Navasana, or Boat pose, is a posture that strengthens the abdominals and hip flexors and requires deep hip flexion and an openness in the back body. It highlights the relationship the hip flexors have with core strength, and it further encourages bringing space into the length of the spine, particularly through the lumbar region.
It is important to prepare the lower back and hamstrings for Navasana. You can also create movement at the waist by twisting and gently backbending. Here is a sequence of simple postures to help you enter Navasana more easily and intelligently.
Spend about 5 minutes warming up by doing a few Sun Salutations or Cat-Cows. You can add any variations you feel comfortable with.
Padangusthasana, or the Big Toe Pose
Keep your knees slightly bent and reduce the distance between the chest area and the thighs. Lift the inner groins while firmly putting the feet down. This will lengthen your hamstrings while also bringing together the chest and the thighs.
Adho Mukha Svanasana or Down Dog
In Navasana, the angle of hip flexion is similar in Downward Dog. You can also look at it this way: Downward dog is identical to the Boat pose except that its orientation to the floor is different.
You can also lengthen your hamstrings with Downward Dog by pressing firmly through the tops of the thighbones while rooting the inner heels and lifting the inner groins.
Bhujangasana or Cobra Pose
Place your hands on either side of your chest and lift them by pressing into the floor. As high as you can feel space in the lower back, come up. Draw your shoulders back and lift from the sternum. In Navasana, you will also raise the sternum.
In a prone position, place the elbows shoulder-width apart and below the line where the shoulders meet. Curl the toes and straighten your legs with the feet hip-width apart. Lift the pelvic floor and the navel to maintain a neutral lower back.
Keep your neck long and neutral by gazing forward. Keep your pelvis upright by using both your abdominals and hip flexors. This will prevent unnecessary strain on the lower back.
Tiger Curl Pose or Vyaghrasana
On an inhale, lift the right foot up and back, then on the exhale, bring the knee towards your chest and chin. As you protract your shoulders with your hands, lift the leg towards the front of the body. This exercise will help strengthen your abdominals and hip flexors.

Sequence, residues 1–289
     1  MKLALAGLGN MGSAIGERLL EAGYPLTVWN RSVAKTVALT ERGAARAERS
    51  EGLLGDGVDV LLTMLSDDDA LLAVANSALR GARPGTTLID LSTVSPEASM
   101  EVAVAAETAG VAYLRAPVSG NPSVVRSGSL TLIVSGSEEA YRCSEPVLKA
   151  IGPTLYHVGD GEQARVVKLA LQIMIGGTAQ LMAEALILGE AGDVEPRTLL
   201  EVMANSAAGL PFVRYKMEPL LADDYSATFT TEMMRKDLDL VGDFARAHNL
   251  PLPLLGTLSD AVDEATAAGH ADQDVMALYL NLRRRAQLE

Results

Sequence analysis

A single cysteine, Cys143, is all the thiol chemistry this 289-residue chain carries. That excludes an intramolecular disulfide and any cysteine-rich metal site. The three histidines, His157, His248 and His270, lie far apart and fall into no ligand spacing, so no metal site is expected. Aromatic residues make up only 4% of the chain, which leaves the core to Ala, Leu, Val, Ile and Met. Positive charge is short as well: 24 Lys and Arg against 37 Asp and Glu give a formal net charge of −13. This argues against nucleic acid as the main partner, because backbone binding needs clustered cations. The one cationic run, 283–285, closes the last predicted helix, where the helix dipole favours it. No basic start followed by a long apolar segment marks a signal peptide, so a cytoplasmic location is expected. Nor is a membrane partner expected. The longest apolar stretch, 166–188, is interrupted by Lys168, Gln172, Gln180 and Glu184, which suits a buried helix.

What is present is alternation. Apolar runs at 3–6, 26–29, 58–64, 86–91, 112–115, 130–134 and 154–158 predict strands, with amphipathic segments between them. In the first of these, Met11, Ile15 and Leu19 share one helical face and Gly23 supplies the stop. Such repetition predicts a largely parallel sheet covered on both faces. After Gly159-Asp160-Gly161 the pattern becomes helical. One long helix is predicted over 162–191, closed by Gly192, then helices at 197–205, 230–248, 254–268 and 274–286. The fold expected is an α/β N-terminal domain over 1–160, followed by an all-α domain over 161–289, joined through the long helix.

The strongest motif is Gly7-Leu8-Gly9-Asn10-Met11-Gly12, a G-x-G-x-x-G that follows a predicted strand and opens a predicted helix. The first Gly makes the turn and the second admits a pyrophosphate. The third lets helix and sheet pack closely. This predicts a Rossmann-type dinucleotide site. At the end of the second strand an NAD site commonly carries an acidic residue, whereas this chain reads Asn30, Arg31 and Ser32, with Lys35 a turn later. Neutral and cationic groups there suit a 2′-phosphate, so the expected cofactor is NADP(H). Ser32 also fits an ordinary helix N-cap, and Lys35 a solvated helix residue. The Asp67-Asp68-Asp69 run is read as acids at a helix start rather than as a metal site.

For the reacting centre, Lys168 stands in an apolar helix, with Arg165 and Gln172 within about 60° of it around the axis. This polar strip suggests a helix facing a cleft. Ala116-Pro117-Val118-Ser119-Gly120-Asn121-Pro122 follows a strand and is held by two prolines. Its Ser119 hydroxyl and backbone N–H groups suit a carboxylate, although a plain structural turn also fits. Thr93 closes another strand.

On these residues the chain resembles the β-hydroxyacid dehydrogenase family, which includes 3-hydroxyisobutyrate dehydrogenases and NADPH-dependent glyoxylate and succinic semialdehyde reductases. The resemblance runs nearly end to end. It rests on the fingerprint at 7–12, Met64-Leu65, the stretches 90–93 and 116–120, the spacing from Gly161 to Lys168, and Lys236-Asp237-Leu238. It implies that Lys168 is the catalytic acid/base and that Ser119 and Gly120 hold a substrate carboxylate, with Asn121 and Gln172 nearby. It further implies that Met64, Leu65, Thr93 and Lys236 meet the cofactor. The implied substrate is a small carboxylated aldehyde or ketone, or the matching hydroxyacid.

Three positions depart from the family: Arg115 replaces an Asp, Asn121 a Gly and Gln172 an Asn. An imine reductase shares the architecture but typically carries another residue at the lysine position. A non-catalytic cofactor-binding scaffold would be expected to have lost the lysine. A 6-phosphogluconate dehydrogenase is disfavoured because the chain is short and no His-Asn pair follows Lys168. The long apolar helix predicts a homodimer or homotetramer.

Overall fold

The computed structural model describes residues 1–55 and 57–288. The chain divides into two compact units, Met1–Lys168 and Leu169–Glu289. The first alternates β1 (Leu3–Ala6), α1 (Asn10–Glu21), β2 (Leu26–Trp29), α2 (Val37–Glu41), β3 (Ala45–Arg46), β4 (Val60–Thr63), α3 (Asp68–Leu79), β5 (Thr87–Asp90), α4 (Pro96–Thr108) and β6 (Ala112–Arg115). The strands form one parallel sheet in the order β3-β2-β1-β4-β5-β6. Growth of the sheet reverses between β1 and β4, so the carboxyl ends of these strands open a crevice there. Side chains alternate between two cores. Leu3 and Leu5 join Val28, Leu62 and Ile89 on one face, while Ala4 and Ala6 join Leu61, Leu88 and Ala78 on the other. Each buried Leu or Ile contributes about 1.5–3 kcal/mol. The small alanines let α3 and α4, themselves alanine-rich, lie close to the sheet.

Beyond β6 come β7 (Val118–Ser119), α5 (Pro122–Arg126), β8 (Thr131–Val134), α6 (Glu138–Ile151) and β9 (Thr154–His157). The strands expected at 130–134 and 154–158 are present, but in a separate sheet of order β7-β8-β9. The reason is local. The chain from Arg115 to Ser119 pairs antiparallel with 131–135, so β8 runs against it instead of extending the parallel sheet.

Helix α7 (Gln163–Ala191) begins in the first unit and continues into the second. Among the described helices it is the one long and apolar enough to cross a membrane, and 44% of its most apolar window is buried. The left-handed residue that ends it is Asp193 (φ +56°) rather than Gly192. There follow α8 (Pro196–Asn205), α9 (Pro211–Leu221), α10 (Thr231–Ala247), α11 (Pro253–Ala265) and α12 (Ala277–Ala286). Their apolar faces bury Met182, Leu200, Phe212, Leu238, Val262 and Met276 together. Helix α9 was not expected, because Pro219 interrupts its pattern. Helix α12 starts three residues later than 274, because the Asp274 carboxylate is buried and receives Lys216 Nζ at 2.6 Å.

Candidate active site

Trikonasana, or Triangle Pose
Extend the front leg from Virabhadrasana II (Warrior II). Reach forward and place your hand on a block or the floor to lengthen one side of the body.
As you rotate your chest upwards, ground through your feet and hug each other. Triangle Pose also helps to stretch the hamstrings.
You can hold each of the postures above for anywhere from 5 to 10 breaths. You can challenge yourself by having longer, but try to maintain a balance of ease and effort.
Navasana is now ready for you.
Start in Dandasana or Staff Pose. Your spine should be upright and the soles of your feet flat on the mat. Leaning the upper body forward, reaching with both arms, and bending the upper backward until your abdominal muscles are activated to prevent the body from falling. Continue lifting through the sternum until the spine becomes long. Hold for five breaths, and then bring your spine to neutral.
Repeat the second time with either the heels at the level of the knees or the feet raised to hover over the floor. As long as the spine length is not compromised, you can either lift your feet or straighten your legs. If you extend your knees fully, but around your lower spine, it is better to keep the knees bent.
Be sure to balance on the sit bones and tailbone, not your sacrum. Hold for five breaths and then release. As you gain strength in your core, hip flexors, and back body, you can practice a third exercise, where you experiment with different degrees.
Spend 3-5 minutes cooling off, including Baddha konasana (Sleeping Pigeon Pose) and Anjaneyasana, to release tension in the hip flexors. Add a simple backbend, such as a Cobra or bridge pose, to open the entire front body.